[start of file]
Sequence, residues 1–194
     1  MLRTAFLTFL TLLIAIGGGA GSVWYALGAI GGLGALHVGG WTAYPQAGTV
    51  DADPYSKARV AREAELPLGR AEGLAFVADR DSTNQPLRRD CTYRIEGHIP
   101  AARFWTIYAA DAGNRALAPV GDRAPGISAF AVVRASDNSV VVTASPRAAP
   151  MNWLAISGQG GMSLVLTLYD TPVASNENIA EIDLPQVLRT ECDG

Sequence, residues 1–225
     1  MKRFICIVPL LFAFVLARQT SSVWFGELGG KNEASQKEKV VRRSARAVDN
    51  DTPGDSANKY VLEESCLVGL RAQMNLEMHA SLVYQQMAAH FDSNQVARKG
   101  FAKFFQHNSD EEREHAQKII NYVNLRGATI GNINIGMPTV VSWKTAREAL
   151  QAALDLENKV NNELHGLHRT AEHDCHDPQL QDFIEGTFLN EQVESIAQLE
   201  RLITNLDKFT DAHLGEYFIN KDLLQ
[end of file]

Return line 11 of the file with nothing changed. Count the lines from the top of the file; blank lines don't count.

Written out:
   201  RLITNLDKFT DAHLGEYFIN KDLLQ